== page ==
First Edition 1.0 T-GDi Eco
new Rio is Kias
entry in the
supermini stakes. Powered by a
new turbocharged 1.0-litre petrol
engine as part of a range of more
efficient petrol and diesel engines,
it eagerly takes on the best of the
pack with prices from £12K...
IF YOU'RE SUPERMINI SHOPPING in this sector then this latest fourth generation
of Kia's global best-seller offers plenty of reasons to try one out, including
more size and space, generous kit levels and all the media and connectivity
functions you'd like.
Our range-topping First Edition model was finished in a fetching shade of metallic
red which admirably suits the Rio's five-door-only hatchback bodystyle. Fronted
by a purposeful nose with a deep lower grille topped by a slimmer, full-width
version of Kia's unmistakable 'tiger-nose' panel bracketed by wraparound projector
headlights, and clean uncluttered flanks with flat-cut wheelarches filled with
standout 8-double-spoke polished alloys, the Rio is crisply contemporary.
the bonnet badge, you could be looking at a German marque no surprise
then that Kia's German and Californian design studios both had a hand in shaping
1.0-litre is a punchy and
engine and it drives
smoothly when youre
pootling it goes about
its business quietly,
but when you want to
raise the pace its always
keen to oblige,
revving cleanly and
Two immediate major 'of interest' points: first, engines. With four petrol engines
and two diesel units to choose from there's something for everyone. Petrol-drinkers
come in 1.25-litre (83bhp) and 1.4 (98bhp) sizes. Giving you 'more from less'
are the new 1.0-litre T-GDi turbo petrol powerplants you can have either
99bhp or 118bhp. And if diesel is your pick you have a choice between 76bhp
and 89bhp outputs from 1.4 litres.
We've been driving the 118bhp turbocharged 1.0-litre T-GDi. It's a punchy and
refined three-cylinder engine and it drives smoothly; when you're pootling it
goes about its business quietly, but when you want to raise the pace it's always
keen to oblige, revving cleanly and, helped by a very tractable 126lb ft of
torque between 1,500 and 4,000rpm, delivering meaningful get-up-and-go in the
low- and mid-range.
Overtaking is straightforward, especially if you drop down a gear, or even two,
to keep the turboed one-litre in its sweet spot no problem given the
slick and accurate gearchange action.
At motorway speeds a 'tall' top gear keeps the revs down and the cabin peaceful.
For the record, it will nip off the line and pass 60mph in 9.8 seconds, and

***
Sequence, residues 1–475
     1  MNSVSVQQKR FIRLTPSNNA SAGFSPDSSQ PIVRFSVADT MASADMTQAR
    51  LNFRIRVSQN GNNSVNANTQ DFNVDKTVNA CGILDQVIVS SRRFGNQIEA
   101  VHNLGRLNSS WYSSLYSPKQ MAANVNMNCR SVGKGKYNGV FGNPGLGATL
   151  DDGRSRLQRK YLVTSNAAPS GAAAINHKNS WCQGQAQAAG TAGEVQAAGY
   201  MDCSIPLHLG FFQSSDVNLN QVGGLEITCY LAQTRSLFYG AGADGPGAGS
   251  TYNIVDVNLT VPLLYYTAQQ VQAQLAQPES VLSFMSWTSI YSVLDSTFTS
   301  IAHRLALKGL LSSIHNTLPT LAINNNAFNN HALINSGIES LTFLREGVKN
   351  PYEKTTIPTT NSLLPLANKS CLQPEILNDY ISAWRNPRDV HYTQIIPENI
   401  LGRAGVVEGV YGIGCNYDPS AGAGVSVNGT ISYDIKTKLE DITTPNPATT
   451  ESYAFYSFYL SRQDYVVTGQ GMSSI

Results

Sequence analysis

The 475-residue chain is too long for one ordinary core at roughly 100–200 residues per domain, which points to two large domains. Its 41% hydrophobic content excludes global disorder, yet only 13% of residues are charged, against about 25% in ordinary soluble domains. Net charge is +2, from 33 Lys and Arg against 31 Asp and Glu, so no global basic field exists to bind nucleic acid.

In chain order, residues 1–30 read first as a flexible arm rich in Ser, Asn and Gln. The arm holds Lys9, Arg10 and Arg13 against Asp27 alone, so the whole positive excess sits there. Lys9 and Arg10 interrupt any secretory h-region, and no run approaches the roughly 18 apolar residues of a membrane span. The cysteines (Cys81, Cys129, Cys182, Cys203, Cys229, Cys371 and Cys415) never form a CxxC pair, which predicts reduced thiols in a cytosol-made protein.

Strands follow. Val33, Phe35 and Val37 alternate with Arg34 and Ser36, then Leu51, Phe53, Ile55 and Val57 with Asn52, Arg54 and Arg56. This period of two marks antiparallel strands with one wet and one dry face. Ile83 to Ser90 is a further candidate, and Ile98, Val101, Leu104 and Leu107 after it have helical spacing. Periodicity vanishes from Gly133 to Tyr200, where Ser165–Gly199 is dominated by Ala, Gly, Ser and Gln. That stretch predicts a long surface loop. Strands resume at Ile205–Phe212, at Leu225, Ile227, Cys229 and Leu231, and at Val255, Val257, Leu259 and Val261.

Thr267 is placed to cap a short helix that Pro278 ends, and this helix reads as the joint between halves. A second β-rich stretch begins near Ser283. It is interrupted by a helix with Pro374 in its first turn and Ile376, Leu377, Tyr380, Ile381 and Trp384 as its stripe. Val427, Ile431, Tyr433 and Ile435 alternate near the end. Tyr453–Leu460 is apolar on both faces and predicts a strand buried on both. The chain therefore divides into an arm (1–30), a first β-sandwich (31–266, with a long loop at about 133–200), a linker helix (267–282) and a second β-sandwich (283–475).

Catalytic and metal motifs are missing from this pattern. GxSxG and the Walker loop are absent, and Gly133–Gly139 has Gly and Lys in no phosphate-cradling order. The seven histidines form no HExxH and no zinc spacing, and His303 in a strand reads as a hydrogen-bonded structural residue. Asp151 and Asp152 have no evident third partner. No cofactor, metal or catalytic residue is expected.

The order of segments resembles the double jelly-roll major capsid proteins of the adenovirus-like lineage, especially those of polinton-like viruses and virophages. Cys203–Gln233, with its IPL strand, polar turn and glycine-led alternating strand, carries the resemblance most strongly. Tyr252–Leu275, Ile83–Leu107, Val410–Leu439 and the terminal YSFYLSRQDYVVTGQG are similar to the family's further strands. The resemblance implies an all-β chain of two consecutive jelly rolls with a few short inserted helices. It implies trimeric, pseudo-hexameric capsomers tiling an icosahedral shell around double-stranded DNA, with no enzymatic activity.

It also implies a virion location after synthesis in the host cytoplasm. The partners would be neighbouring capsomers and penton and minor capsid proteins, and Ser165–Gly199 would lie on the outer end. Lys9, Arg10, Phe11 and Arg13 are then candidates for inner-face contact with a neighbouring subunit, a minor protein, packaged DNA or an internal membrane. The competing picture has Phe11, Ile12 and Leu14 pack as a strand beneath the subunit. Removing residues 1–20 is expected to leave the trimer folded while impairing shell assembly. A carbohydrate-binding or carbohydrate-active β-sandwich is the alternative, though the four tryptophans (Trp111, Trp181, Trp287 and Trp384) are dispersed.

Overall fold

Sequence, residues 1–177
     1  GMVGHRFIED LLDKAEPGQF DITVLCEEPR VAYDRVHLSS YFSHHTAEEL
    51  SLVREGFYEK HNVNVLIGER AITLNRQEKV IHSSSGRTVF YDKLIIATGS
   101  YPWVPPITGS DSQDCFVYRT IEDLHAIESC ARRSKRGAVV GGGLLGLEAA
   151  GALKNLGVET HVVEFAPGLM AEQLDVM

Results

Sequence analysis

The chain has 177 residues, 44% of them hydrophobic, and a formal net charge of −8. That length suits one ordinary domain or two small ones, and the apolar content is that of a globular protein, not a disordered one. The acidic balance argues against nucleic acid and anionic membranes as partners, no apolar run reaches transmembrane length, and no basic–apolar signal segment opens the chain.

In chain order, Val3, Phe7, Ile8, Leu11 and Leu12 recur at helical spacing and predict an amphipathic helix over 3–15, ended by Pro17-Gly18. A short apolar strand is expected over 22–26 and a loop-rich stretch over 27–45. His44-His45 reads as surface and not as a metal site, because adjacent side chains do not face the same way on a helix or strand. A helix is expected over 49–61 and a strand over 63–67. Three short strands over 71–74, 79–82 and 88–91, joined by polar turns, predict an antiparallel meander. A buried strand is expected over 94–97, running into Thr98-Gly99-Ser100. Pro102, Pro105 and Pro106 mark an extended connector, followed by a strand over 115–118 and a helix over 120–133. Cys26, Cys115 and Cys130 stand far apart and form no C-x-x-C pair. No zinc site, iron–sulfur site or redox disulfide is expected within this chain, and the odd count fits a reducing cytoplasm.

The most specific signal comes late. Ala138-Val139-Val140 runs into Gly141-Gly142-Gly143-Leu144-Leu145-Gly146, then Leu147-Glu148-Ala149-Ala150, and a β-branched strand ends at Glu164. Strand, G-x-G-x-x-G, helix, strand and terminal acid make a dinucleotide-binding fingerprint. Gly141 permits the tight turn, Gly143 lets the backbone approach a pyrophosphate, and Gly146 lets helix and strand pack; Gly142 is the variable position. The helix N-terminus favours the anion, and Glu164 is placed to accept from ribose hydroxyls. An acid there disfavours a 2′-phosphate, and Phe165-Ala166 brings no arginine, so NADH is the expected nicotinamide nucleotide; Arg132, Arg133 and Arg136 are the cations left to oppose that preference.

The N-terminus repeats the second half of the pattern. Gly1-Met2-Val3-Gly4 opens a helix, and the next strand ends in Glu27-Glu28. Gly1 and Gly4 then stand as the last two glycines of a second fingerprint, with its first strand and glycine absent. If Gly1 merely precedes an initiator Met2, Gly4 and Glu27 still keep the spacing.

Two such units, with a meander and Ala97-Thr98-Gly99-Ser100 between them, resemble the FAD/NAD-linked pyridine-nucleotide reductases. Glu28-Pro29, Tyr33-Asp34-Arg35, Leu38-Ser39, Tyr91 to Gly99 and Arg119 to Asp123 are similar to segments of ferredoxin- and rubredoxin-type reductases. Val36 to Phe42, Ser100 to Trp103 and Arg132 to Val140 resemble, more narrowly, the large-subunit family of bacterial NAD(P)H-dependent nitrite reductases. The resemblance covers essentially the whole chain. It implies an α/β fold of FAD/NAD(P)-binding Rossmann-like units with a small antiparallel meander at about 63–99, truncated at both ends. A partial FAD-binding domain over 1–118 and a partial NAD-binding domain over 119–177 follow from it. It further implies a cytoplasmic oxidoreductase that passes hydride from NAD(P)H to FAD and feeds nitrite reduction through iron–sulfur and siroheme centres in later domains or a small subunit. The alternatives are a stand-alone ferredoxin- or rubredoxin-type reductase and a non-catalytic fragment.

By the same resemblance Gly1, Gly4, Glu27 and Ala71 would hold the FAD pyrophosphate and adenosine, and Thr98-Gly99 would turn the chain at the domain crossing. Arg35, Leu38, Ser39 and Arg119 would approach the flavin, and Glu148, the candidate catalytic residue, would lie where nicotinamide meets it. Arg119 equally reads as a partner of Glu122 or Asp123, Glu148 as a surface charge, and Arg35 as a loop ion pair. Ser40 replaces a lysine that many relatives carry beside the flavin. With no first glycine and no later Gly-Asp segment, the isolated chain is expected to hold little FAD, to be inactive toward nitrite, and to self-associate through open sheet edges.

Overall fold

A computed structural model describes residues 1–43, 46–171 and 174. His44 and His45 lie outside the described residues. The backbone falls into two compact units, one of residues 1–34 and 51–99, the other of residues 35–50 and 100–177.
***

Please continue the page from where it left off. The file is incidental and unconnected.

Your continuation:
run on to a top speed of 118mph so no risk of being left behind in this
It's also pretty good when it comes to economy. Naturally Kia's engine stop-start
system (ISG: Intelligent Stop and Go) is fitted as standard. A week's hard driving
on predominantly low-gear back roads and quite a bit of town driving saw 44.8mpg
recorded. That noted, the average owner's likely kinder treatment of the accelerator
pedal should help them move their overall consumption closer to the official
combined cycle figure of 60.1mpg.
second 'of interest' point is the Rio's dynamics... These latest 4th-generation
models have a can-do stance that reflects their greater under-the-skin structural
rigidity (they use 51% high-strength steel; up from 33% in previous versions).
Consequently there's a positive knock-on for the handling.
front wheels are the driven pair, which imparts predictability and reassuring
composure. And, Yes, you can push on do so and the accurate and agreeably-light-at-town-speeds
steering weights up for more demanding wheel-work. With good body control it
feels tidy when punted.
weeks hard driving
on predominantly low-
gear back roads and
quite a bit of town driving
saw 44.8mpg recorded.
That noted, the average
owners likely kinder
treatment of the
accelerator pedal should
help them move
their overall consumption
closer to the official
combined cycle figure
Although it doesn't pretend to be a hot-hatch and most customers wouldn't
ever drive it as such there is satisfaction to be had on more challenging
roads along with a reassuring stability on motorways at the legal limit. And
when you need to scrub off speed rather than slap it on, the brakes (discs all
round, vented at the front) do a great job.
Where the Rio will also score well with its owners is in how it rides
which is compliantly; all but the worst road surfaces are dealt with efficiently,
even rolling on the First Edition model's 17-inch alloy wheels shod with Continental
Where this all-new Rio really comes together is in the cabin inside it
feels supermini-PLUS, a feeling boosted by the well-fettled fascia and user-friendly
switchgear. Visually striking is the red metallic paint finish to the sculpted
fascia with a centred, upright and very easy to see from the driver's seat 7-inch
The pin-sharp display hosts Kia's Connected Services featuring TomTom-powered
SatNav, Bluetooth with voice recognition and music streaming, Apple CarPlay
and Android Auto for smartphone mirroring, and a DAB radio. Fixed speed camera